This week, we talked about the social construction of gender and sexuality. Much like all of our beliefs in society, they are defined by society as a whole. Gender is a very peculiar subject because it goes much deeper than what people believe. It includes norms about the sexes, and ideas about what a typical man and woman should look like. “Sexism refers to a system of beliefs that asserts the inferiority of one sex and justifies discrimination based on gender— that is, on feminine or masculine roles and behaviors” (Newman 184). Sexism is shown in many different ways that we don't even think about, including in the media. One example of this is in Beyond Beats and Rhymes.
In this film, masculinity was the main focus as well as men’s relationships towards women. What stood out to me was the idea that hip hop is such a large influence on gender and gender stereotypes. In the film, it was mentioned that many hip hop music videos as well a lyrics into songs are meant to show male power. This is shown through things like rapping about guns, money, and using women as objects. This makes men …show more content…
In addition to this, it is very negative because it is a system that objectifies and uses women as a commodity. “For women, who must often fight to be taken seriously in their social, private, and professional lives, whistles and lewd comments serve as a reminder that their social value continues to be based primarily on their looks.” This is very sad to me because it is true and it is always shown; it is shown in the film when men are trying to “film music videos” during spring break, but are using that as an excuse to sexually harass women passing by. On another note, men are also victims to this subordination because in a way, they are put into a box.
Lorissa Figueroa Professor Patton ENG 1A 7 February 2018 More than what Rap Portrays When we listen to rap music we don’t really pay attention to how lyrics can affect people as often as we should. Since rap music has started it always influenced violence and sexism, but not everyone notices how it influences the black community. Joan Morgan explains this in a passage of her book When Chickenheads Come to Roost: A Hip-Hop Feminist Breaks It Down (1999).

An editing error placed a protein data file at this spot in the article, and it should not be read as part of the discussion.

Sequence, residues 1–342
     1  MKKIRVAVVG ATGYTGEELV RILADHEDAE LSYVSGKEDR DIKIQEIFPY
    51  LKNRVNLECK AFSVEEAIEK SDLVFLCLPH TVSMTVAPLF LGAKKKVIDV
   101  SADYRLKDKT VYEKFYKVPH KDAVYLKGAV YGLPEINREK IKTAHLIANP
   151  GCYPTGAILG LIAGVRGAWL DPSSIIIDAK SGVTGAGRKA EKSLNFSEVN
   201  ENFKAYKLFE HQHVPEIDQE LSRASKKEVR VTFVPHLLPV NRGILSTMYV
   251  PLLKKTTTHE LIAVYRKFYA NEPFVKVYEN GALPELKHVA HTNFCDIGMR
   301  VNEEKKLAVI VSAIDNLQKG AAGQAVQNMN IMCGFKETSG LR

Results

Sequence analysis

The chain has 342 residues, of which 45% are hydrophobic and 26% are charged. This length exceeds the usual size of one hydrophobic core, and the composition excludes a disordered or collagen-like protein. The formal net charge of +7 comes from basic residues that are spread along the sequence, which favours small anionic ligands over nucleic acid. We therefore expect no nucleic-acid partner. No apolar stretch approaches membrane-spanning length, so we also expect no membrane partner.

a. Throughout Tricia Rose’s work of the Hip Hop Wars, she goes back and forth between a couple different topics relating to the genre, such as the debate about hip hop causing violence, or reflecting a violent ghetto culture, along with if hip hop is sexist, or if people against the music or just anti-sex. She talks about how hip hop has made a positive impact on society as a whole, by giving people who may feel left out a voice and allowed those in working-class and poor communities a way to express their social and political beliefs. But she also describes the genre as a topic which has created tension among numerous different people, for promoting violence and other anti-feminist ideals. “Members of the hip hop generation are now facing
Hip Hop is seen as something inspiring, but most people see it as a way to speak out the truth about a problem. As in “Hip Hop planet” being able say the truth can sometimes worsen any situation because sometimes what we say can promote violence and whatever happens after is not in our control. The essay is about how hip hop has changed into speaking out the issues that need to be taken care of in order to maintain a proper society. McBride talked about how rappers use violent lyrics to degrade women and gays and because of this it shows how the music has evolved into something entirely different that no one would have ever expected to have changed. In James McBride's essay “Hip Hop Planet,” he argues that hip hop has a negative influence on American Culture despite people thinking of it as inspirational and how people live through different experiences in life despite of your race.
¨If Hip Hop has the ability to corrupt minds, it also has the ability to uplift them.¨ Hip hop music, also called rap music, is a music genre developed in the United States by African Americans consisting of a stylized rhythmic music that commonly accompanies rapping, a rhythmic and rhyming speech that is chanted. Mainstream hip hop culture is also filled with misogyny and negative images of women. These artists are unaware that sexism has been forced onto them through the brainwashing from the media, which is controlled by a patriarchal society. Conversely, feminism is the belief that both genders should have equal power.
The themes of masculinity and American ideals heavily influence this film. Men are presented to be powerful in this film, and that power derives from the fact that they carry guns and commit acts of violence. In the film, almost all of the males have either a pistol or a shotgun. This depiction is inaccurate, as most people in the west didn’t own a firearm. In contrast, women in the film are portrayed to be the weaker gender, being present only to take care of their partner.
Each of these concepts are utilized at the advantage of men, and the disadvantage of women, and has shown to provide detrimental consequences and results for women in society. However, in this film, and other films by Tyler Perry, appear to take the added step to combat these aspects that are present in the media’s portrayal of women. While these are present in the movie, he often makes a point to combat it with an inverse portrayal of each